By Elizabeth Vlock
Secretary of Health and Human Services (HHS) Kathleen Sebelius and Senate Democrats held a press conference on Capitol Hill Tuesday to trumpet a provision in the Affordable Care Act (ACA) scheduled to go into effect tomorrow that will provide preventative care to 47 million women with no out of pocket costs.
Under the provision all new insurance policies will be required to cover domestic violence screening, FDA approved contraception, breast feeding counseling and supplies and a “well woman” visit where women can speak directly to their healthcare providers.
“No woman should have to choose between seeing her doctor and putting food on the table for her family,” Sebelius said, noting that due to high costs more than half of women in America delay or avoid taking preventative care measures.
Led by Sen. Barbara Mikulski (D-Md.), the driving force behind the ACA’s Women’s Preventative Care Amendment, said that after Wednesday “the top killers of women will no longer go undetected” due to higher premiums that women must pay simply due to their sex.
Mikulski attacked Republicans who seek to repeal the ACA by calling into question the character of elected officials who would remove protective measures for women. She described Sen. Tom Harkin (D-Iowa), a champion of the ACA, as an example of her belief that “men of quality are never shy of equality for women.”
Sen. Harkin made particularly emotional remarks regarding his loss of two of his sisters to breast cancer, each of whom had little access to preventative care that could have been potentially life-saving.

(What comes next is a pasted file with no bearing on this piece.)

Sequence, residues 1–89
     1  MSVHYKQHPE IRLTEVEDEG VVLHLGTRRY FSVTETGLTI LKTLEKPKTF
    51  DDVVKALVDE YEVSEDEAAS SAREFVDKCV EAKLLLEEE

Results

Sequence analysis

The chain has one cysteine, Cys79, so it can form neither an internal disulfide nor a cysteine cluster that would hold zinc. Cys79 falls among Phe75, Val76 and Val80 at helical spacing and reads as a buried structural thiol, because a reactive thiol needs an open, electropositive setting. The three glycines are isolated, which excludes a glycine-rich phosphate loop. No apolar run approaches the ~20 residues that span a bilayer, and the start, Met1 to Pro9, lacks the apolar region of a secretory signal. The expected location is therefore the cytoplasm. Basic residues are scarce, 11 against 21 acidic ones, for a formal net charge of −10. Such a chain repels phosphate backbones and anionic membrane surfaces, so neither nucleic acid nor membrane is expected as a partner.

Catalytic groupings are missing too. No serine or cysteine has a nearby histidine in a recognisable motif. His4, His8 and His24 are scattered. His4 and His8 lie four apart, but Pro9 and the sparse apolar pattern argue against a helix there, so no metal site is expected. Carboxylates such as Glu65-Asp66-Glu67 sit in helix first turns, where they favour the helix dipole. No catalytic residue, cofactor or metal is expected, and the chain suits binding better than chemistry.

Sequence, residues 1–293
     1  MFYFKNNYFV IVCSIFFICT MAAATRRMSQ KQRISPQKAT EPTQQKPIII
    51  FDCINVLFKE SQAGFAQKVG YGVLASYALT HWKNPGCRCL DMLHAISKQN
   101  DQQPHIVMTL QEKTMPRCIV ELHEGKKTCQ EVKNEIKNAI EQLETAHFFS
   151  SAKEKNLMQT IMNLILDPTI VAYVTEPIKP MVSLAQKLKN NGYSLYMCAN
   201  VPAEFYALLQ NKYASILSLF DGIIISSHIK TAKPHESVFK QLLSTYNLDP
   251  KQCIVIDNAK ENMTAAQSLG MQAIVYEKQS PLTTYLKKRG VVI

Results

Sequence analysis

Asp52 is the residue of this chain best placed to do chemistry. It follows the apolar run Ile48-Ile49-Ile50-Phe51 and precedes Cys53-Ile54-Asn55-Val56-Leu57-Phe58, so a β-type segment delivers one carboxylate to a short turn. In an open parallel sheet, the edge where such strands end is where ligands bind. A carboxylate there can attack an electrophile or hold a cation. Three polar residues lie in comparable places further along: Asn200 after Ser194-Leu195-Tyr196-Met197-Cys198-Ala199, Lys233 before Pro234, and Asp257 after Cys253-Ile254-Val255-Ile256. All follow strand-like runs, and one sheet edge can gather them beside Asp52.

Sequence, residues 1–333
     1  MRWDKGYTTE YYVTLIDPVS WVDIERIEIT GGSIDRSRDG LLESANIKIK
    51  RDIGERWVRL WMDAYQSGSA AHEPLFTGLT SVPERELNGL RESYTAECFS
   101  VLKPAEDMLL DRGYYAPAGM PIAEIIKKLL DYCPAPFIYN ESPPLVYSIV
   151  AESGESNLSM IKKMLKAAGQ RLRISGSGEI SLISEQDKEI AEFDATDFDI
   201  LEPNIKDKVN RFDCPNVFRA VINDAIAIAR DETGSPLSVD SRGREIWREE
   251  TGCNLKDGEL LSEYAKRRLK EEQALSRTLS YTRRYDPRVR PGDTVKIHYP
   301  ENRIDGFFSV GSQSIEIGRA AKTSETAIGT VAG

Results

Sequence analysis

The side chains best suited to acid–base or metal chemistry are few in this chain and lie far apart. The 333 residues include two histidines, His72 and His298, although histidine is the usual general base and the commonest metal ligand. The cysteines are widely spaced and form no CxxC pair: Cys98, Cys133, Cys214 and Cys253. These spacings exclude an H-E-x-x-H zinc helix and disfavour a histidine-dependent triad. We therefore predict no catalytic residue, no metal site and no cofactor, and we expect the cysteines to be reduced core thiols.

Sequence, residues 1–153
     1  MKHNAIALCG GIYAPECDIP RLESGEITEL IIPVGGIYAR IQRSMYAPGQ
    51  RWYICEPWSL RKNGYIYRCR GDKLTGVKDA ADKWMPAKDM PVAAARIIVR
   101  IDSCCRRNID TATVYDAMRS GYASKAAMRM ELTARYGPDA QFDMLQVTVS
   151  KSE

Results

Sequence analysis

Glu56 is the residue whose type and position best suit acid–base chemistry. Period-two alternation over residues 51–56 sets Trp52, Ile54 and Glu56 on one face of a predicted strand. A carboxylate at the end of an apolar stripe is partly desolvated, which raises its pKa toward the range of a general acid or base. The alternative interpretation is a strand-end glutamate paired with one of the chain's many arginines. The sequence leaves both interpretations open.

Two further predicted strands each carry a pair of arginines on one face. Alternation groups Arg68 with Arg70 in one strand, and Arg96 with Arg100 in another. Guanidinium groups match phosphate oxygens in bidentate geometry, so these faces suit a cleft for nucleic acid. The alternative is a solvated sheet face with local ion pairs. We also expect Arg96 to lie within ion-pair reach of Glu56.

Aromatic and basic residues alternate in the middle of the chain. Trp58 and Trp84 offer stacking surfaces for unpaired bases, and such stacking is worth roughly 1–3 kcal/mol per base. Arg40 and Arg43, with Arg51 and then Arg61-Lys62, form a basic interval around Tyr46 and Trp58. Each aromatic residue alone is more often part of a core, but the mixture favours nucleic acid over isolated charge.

“When my older sister Maryanne died, and we went to her funeral, her younger sister Sylvia was there, and had no idea that she also had breast cancer. Within two years she was dead also,” Harkin said.
Sen. Frank Lautenberg (D-N.J.) called the past discrimination against women in the health care system, a “male-garchy,” that opposes preventative care and wasted no time in slamming Republican Presidential candidate Mitt Romney’s pledge to repeal the ACA on his first day in office.
Lautenberg referenced the fact he has five daughters and six grand daughters and asked those who opposed the amendment to “keep their mitts off my kids and off my grandchildren,” a likely nod to the Republican nominee.
In 2014 additional provisions of the ACA will be implemented that will make it illegal for insurance companies to deny coverage to breast cancer survivors, victims of domestic violence, pregnant women, or to charge women more because of their sex.